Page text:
Władysław Bartoszewski: A Life as Testimony to the Truth
Władysław Bartoszewski has died in Warsaw at the age of 93. He was one of the people in this world it would have been a true honour to have met, and his passing is a great loss not only for Poland.
“You can expect bravery, heroism, from people, you even should expect it, however you also need to allow for the fact that they’re people. The Catholic Church expects holiness from believers, yet what percentage fulfils those expectations? I don’t know. However I know that there were and are such people. There are few of them, but they exist. And I’m glad of that.”
Władysław Bartoszewski was one such person.
He was just 18 when in September 1940 he was seized by the Nazis and imprisoned in Auschwitz. He was to be released in April 1941, but then went on to be active in the Polish Resistance and especially in Żegota, the Polish Council to Aid Jews, He was a member of Armia Krajowa and took part in the Warsaw Uprising in 1944.
He was a historian both by profession and by moral obligation. In the introduction to a recent book about Żegota he wrote:
“I was one of those who considered such research to be my moral duty. Since I had survived and so many others – acquaintances and people I didn’t know, Poles and Jews – had perished, I had to bear testimony to the truth.”
One of his first works Perścień Śmierci chronicled all the crimes committed by the Nazis during the Second World War and their victims in Warsaw. It was written in part out of frustration that so many of the criminals had escaped punishment.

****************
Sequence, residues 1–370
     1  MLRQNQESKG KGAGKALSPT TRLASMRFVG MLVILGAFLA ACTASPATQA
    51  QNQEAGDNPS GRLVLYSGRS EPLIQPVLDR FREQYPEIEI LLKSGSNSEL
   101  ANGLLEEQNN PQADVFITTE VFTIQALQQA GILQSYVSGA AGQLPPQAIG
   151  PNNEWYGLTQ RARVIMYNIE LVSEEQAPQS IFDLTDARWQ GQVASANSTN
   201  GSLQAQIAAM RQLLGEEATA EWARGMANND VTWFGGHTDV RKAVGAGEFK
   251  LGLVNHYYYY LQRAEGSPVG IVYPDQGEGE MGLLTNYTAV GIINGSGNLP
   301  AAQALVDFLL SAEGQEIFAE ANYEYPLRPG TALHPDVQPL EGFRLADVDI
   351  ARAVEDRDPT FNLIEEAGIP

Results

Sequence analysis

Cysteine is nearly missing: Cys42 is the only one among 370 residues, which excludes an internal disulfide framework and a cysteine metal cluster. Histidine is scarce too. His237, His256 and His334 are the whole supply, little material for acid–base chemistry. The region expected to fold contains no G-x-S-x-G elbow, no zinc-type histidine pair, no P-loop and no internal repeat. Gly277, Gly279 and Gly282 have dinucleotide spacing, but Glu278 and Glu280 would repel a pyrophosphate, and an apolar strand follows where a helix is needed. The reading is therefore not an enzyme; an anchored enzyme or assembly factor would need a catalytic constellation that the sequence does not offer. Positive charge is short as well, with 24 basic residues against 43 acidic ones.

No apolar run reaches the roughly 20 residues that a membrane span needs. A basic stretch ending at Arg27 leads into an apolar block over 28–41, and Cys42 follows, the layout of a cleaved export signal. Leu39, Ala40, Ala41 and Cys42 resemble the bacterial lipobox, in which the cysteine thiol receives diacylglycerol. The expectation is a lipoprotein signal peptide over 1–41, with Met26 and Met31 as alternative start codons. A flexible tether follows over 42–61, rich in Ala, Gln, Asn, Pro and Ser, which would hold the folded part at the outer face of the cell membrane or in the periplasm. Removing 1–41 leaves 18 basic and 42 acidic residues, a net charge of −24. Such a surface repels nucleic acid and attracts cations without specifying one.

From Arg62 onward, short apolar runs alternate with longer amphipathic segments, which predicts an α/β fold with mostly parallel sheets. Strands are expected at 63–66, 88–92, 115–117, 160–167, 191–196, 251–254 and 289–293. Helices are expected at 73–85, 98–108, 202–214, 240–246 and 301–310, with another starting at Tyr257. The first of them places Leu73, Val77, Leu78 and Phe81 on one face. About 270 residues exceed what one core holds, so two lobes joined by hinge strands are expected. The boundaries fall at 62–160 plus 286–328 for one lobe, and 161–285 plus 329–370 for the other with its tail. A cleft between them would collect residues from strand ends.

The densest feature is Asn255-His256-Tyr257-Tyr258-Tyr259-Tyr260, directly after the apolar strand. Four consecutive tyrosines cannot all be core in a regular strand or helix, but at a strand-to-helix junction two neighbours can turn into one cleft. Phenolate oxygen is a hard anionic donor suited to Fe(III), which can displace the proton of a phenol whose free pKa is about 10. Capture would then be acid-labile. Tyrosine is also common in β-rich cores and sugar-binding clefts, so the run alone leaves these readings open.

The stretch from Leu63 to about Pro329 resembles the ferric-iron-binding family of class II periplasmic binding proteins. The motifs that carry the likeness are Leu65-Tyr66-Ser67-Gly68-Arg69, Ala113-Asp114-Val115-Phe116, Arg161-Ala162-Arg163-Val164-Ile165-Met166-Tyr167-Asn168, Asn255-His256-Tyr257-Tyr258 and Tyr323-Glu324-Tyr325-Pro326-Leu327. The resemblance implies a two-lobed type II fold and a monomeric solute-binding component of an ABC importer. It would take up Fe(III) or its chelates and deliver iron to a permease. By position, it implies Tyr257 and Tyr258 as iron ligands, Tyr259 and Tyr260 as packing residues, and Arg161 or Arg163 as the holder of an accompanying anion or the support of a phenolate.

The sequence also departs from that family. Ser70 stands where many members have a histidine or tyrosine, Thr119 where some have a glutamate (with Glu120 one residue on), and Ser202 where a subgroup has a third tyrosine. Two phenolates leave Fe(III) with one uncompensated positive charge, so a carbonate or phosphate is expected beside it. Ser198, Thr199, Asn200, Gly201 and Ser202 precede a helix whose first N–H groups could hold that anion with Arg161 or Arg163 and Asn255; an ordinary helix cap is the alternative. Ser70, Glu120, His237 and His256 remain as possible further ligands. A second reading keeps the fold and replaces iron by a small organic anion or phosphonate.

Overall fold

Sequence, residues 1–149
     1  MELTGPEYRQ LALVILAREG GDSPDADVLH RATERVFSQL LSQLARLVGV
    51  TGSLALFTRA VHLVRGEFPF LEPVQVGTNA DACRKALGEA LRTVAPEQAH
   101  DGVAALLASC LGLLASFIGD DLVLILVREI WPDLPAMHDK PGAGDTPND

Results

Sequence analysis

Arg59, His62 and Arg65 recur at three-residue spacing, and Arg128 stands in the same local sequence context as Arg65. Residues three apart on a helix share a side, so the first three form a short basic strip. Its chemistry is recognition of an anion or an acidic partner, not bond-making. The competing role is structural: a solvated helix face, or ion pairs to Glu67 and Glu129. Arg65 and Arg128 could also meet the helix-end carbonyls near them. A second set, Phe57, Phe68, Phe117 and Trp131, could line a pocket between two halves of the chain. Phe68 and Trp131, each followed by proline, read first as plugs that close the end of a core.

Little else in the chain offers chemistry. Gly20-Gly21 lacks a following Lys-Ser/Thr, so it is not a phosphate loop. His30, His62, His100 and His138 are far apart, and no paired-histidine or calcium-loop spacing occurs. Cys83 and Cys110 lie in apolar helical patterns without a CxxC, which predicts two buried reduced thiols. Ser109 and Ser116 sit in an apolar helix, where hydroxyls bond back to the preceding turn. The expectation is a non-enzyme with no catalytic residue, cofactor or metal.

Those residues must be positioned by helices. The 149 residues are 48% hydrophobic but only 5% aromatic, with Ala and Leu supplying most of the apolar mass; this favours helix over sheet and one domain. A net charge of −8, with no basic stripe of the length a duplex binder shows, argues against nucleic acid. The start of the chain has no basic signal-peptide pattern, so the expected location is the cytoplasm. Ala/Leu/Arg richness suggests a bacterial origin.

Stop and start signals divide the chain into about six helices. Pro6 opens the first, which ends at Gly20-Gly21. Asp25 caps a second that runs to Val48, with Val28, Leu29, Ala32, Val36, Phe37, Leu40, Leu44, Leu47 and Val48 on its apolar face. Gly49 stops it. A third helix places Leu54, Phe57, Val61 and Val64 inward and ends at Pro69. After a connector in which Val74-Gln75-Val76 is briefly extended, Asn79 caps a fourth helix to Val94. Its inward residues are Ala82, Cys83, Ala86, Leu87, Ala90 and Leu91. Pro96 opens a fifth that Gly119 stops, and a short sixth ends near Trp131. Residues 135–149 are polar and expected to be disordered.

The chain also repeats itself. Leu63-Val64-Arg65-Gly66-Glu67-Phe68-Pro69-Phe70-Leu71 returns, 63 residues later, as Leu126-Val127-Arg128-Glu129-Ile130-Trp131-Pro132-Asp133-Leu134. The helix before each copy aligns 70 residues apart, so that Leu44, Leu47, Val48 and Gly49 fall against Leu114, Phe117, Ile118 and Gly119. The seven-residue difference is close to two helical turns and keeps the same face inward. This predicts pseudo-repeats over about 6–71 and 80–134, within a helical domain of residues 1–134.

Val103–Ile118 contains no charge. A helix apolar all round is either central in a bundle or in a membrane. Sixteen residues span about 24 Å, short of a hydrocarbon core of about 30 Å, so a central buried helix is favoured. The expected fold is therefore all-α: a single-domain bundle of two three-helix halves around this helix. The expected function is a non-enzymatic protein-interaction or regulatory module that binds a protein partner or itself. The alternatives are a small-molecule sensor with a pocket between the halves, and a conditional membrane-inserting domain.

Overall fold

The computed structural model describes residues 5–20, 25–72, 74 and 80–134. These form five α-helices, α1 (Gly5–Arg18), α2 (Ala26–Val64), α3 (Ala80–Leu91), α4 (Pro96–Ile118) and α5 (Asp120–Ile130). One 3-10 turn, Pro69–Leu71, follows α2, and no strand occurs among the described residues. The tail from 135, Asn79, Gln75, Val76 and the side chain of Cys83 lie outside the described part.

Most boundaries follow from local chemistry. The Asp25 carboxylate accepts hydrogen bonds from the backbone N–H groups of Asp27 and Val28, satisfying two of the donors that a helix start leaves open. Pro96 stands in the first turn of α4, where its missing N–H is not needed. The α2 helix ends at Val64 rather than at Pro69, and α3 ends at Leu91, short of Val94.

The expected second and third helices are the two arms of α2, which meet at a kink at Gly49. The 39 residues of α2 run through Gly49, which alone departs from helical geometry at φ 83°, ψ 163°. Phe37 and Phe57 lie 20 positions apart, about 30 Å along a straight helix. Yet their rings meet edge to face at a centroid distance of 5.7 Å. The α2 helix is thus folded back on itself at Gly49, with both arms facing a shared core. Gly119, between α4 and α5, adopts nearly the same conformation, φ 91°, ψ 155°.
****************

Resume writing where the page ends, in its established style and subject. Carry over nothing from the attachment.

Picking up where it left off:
Another – Ten Jest z Ojczyzny Mojej – was one of the first documented records of Poles who helped Jews to survive during the Nazi occupation. The title is from a poem by Antoni Słonimski in which the poet writes that he who can forget about his own country and feel a brother of all those – a Jewish mother, the Czech people, Ukrainians, , Yugoslavs, Ukrainians – who are suffering, “that person is from my Motherland. He is a man”.
Władysław Bartoszewski was certainly such a man, while always a true patriot of Poland. He was arrested and imprisoned by the Soviet-imposed communist regime and later interned for a period during martial law.
From 1989 when Poland became free he played an active role in political life, serving twice as Minister of Foreign Affairs, while continuing his work as a historian.
The list of honours is too long to cite, however one is too poignantly appropriate to omit: in 1965 for his role in saving Jews during World War II. Yad Vashem named him one of the Righteous of the Nations.
Please see also “And the world did not react” (on the 65th anniversary of the liberation of Auschwitz-Birkenau).
Władysław Bartoszewski was one of those who – during the War, but not only – always reacted.
“There was one choice: either I accept what I regard as evil, or I refuse to accept it. No other”